But the detonation code they sent to the cell phones attached to the IED devices weren't working, according to an FBI affidavit. So they tried calling the phones and even called the undercover FBI agent who sold them the bombs to make sure they were texting the right number. Still nothing. Then an FBI swat team arrested them at around 10:45 p.m.
Equally confused were the protestors at Cleveland's Occupy movement when they awoke to the news Tuesday morning that the five individuals, all with ties to their movement, had been arrested. At least one of the suspects, 20-year-old Brandon Baxter, had even canvassed downtown to promote Occupy Cleveland's May Day protest, an event members of Cleveland's small Occupy movement quickly decided to cancel.
"Obviously it was pretty dumb," Occupy Cleveland's Johnny Peskar, who personally knew several of the suspects, told TPM. "They didn't show any signs of being violent, they weren't bad people, I have nothing bad to say about them, but what they did, what they were going to do, it's been denounced all around."
Protestors with Occupy Cleveland had long suspected it had an infiltrator in their midst. One of the suspects, 35-year-old Anthony Hayne, wrote on his Facebook page on April 7 that "Snitches get stitches and dumped in ditches" and explained that they had "a snitch living at the warehouse that openly admits it," an apparent reference to a warehouse used by Occupy Cleveland. He wrote in a separate Facebook post that the warehouse was in his name.
"We've had some intel that we had somebody in here that was some sort of infiltrator of a sort, we have a few people that we're looking into," Peskar told TPM. "There has been one for awhile now. We're still unsure who it is."
But a spokeswoman with the FBI's Cleveland office insisted in an interview with TPM that the bureau never targeted Occupy Cleveland. Rather the FBI "gained intel" about the protest from the cooperating source. She didn't say whether the FBI's cooperating source -- who is on probation for writing bad checks and has a 22-year-old cocaine possession charge on his record -- was instructed to attend the Oct. 21 protest where the source first encountered the group.
The FBI also said it did not reimburse the informant for the work that the suspects did for his roofing business, with a spokeswoman saying it was not full-time work, just "an odd job there and there." They also said they did not tell the informant to hire any of the suspects to develop his relationship with him.
The alleged leader of the plot, 26-year-old Doug Wright, had actually been suspected of being an infiltrator himself by other Occupiers. He was a roofer and worked with at least two of the other protestors. The FBI affidavit says the suspects worked in construction and implies that at least one of the suspects had arranged to do work on homes belonging to the FBI's cooperating witness. Not much more about the cooperating witness is known other than the fact that he rebuffed the suggestion that his car be used as a bomb and suggested they use Hayne's bike instead.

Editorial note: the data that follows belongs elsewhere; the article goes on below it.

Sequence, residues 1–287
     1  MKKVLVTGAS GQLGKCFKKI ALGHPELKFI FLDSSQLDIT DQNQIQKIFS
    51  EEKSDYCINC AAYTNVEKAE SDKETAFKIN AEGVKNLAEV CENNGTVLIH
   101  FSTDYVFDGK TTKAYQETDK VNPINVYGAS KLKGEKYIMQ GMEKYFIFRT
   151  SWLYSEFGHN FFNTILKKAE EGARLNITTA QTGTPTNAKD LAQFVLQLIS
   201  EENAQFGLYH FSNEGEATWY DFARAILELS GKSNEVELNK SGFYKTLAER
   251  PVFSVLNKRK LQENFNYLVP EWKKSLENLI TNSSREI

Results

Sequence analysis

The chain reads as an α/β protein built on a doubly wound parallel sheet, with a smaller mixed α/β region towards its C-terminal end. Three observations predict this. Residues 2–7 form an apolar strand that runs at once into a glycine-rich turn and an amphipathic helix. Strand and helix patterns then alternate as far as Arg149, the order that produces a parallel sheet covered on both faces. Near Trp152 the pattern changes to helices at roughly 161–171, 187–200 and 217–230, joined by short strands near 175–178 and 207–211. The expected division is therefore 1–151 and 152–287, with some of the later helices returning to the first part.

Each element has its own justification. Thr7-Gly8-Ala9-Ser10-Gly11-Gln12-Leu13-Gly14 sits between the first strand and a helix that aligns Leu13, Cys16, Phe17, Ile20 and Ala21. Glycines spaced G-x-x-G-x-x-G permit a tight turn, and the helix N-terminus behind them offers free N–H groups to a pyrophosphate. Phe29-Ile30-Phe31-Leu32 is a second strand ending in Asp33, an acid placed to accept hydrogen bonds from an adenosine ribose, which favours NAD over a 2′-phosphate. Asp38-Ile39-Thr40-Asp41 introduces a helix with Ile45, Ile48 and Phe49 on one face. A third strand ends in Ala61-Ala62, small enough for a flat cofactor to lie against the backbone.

FBI officials reject the assertion this was a setup. It was "definitely the suspects who developed the plan to fruition," spokeswoman Vicki Anderson told TPM. "Our concern was that if we didn't supply them they'd get it somewhere else. It was their idea."
That may be true, but the FBI definitely provided all the mechanics to make the plot possible. The FBI's cooperating source provided transportation, picking up Wright, Baxter and Hayne in downtown Cleveland when they went to pick up the bombs on Sunday. The cooperating source provided the location, arranging for a motel where they'd meet the source. The cooperating source provided the connection to the undercover FBI agent, and the undercover FBI agent sold them the fake explosives as well as a duffel bag filled with smoke grenades and gas masks for just $450.
Members of the group seemed suspicious they were being set up all along, according to the affidavit. Wright had to assure the others that the cooperating source wasn't with law enforcement and they were suspicious of the undercover agent.
One of them put an alarm clock there in the trash can at the motel in case it was a recording device. They turned on the TV and air conditioning unit to try to "baffle" any recording devices and all three suspects put on latex gloves. On the way the undercover FBI informant asked why Wright moved the clock, and Wright explained that he believed someone might have found the room and bugged it.
The FBI's source reassured Wright on their ride back downtown, saying they wouldn't have been able to drive off with real C4. Wright agreed.